How not to cook Sunday Lunch. Lil reflects on old age and entertaining.

My cooking days are numbered, it is one of the things about old age that they don’t warn you about. Cooking becomes a stressful chore not worth bothering with. I am now a self respecting rabbit, who munches on vegetables which need no cooking.   I like meat, I am greedy, but beetroot, lettuce, celery, cucumber, and occasionally a boiled potato or, very daringly, a tin of tuna is my everyday fare.

But the gentry require more.  I invited two couples for Sunday lunch.  I must have cooked thousands of roasts in my life time, I have six children and 20 grandchildren for goodness sake and used to run two households.

But I am out of practice with cooking and I’m also out of touch with the gentry.  There’s a nice couple who have had me over and another nice couple who have also had me over. That makes two nice couples who I owe back. I start to worry.  They will fill the tiny kitchen and put a strain on the number of plates I possess – so I try to keep it simple and do without cheese.   Four friendly folk is hardly an occasion for a “tis”.   However I haven’t done any housework since October and if I light a fire in the morning, because I’ve invited them for lunch, I’ll have to go out into the cold and fill up the log basket twice in one day, brr.  Decision, decisions, decisions.  This is where old age lets me down. Which is the important decision and which is the less important?

A rib of beef was purchased at vast expense.  Just thinking how much beetroot I could buy, my rabbity whiskers twitch.   In my heyday – about 30 years ago, Potato Dauphinoise was a speciality of mine and very good it was too. Vegetables have to be thought about, there are all those runner beans I popped in the freezer in August; I feel more in control.  Getting in the stride of things, there’s the blackberries as well, surely I can conjure up a blackberry and apple pie?

I do my conjuring tricks.  The food is prepared and looks alright.   With fruity language and not enough room to put anything, I light the fire in the sitting room and I’m ready. It is already stressful, a feeling I never thought I would have with cooking and the guests haven’t even arrived yet. But just imagine the delightful conversation, entertaining both me and them. I’ll just fill the sink with hot water to warm the plates…

The first guests arrive, I bung them in the sitting room and pour a glass of New Zealand wine, bought on the grounds that the New Zealanders haven’t been making wine long enough to make truly dreadful stuff.  We chat, I’m given some lovely flowers.  Then I remember the veg, I must drain the veg.   I flee to the kitchen and am brought up short by the Niagara Falls in my kitchen. Oh dear, the tap to warm the plates up was left on.   Hot water has overflowed the sink and there’s about an inch and a half sloshing happily all over the kitchen floor.  And I smell over cooked veg.  It used to be so natural to me and I can’t work out what to do.  I wade through the kitchen to the cooker. This is one of the punishments of old age.   I drain the veg and because my bungalow has an electric oven they continue to cook or do I mean burn, yes, I mean burn. I ignore them then face the flood.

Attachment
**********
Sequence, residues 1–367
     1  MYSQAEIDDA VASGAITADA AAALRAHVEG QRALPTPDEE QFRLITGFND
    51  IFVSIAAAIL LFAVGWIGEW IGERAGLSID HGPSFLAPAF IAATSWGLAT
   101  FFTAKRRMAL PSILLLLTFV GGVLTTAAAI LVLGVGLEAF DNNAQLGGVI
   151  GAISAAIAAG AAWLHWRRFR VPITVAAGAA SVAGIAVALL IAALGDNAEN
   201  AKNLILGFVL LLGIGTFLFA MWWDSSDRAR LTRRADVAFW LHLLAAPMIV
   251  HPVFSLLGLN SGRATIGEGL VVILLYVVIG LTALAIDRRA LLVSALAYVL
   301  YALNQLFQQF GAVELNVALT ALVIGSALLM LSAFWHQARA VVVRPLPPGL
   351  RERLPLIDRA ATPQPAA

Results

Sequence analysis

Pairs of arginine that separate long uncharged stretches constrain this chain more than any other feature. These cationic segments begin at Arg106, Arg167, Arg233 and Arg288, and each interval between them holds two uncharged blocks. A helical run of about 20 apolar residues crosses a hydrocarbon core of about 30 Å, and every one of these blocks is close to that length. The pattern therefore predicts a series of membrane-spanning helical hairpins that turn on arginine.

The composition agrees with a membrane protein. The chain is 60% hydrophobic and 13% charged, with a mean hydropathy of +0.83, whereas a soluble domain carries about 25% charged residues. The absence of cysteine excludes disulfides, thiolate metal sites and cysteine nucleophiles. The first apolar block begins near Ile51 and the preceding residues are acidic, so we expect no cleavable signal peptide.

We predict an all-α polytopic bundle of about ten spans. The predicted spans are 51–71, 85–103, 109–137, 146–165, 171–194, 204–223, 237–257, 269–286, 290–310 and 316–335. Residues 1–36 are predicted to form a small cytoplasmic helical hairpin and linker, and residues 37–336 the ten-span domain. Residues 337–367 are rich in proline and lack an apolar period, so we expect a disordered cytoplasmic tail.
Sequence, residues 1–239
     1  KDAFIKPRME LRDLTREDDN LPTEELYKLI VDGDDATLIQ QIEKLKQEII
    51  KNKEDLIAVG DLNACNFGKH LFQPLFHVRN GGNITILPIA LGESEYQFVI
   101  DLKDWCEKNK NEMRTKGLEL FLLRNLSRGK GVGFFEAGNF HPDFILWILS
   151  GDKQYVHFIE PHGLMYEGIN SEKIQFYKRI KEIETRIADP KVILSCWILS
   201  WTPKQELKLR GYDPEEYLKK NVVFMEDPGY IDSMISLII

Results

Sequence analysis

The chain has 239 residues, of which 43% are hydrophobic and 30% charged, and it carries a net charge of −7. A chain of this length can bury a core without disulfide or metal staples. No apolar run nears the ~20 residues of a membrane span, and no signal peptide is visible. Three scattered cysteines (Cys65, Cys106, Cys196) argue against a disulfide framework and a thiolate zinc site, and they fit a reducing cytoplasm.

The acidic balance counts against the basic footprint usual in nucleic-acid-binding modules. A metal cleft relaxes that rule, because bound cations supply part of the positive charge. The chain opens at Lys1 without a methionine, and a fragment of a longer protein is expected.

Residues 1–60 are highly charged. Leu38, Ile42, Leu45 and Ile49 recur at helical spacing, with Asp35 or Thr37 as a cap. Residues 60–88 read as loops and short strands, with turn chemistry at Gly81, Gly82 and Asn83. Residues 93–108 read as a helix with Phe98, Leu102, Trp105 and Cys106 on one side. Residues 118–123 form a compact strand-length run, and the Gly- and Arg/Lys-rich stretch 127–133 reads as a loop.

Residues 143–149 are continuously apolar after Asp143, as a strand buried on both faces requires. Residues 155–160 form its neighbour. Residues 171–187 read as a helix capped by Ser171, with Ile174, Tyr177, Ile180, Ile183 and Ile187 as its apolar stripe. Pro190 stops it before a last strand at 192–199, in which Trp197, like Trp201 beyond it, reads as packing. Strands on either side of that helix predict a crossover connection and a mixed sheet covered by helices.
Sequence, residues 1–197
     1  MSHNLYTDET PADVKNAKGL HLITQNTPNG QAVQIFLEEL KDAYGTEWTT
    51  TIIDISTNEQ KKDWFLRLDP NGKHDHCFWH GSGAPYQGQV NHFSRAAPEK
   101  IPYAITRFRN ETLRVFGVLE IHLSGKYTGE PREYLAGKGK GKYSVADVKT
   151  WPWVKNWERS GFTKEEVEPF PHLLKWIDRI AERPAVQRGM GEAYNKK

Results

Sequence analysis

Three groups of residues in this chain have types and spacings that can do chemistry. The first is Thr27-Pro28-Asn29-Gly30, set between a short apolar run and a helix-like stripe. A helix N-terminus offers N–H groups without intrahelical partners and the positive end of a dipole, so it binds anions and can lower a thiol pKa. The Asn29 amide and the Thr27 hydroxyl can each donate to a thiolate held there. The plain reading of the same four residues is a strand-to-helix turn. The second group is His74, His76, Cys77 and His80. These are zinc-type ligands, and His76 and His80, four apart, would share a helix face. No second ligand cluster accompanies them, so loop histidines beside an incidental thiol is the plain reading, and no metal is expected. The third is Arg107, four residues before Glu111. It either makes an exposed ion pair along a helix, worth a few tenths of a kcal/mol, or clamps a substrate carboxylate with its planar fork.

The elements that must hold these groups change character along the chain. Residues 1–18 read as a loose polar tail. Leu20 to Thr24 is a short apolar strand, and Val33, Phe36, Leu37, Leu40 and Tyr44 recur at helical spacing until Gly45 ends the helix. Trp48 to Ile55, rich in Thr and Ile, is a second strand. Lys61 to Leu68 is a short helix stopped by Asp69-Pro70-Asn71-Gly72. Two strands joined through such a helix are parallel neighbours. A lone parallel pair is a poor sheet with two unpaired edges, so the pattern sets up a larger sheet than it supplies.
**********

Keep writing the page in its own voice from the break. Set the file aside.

Can I help? Is a mantra that many of us say but few are called to actually do something.

“Rachel, you can give a hand, there’s been a bit of a disaster.”   Every towel in the tiny bungalow, there are three, is laid reverently on the kitchen floor. Rachel does stirling work with a dustpan and scoop, the next lot of guests arrive,   I shove them in the sitting room and force feed them white wine, then dash back to the kitchen, relieve Rachel from scooping up water and appear in the sitting room, charm personified.

Living on my own, I have so much I want to say, about the coming elections, the recent massacres, global warming and how original and clever I am. They bore on about shooting,

“A left and a right and got both buggers.”  I mention I’m off to Uzbekistan where upon we have a good half hour of holidays the others have been on,

“No, darling that was the year before”,

“I’m sure it was Delphi”

“Oh you silly old man, it was Aleppo, don’t you remember”.

They go, the washing up remains, the fire goes out, I feel what a wasted opportunity, now they will never know how fascinating I am.   It’s back to celery and cucumber and my comfort zone.   Yes, I too was once gentry but have some how slipped out of the mould.  Or where they always like this and I never fitted in?  To use Pepys’s favourite expression, “And so to bed”  I’ll do the washing up in the morning. The floor might have dried by then.

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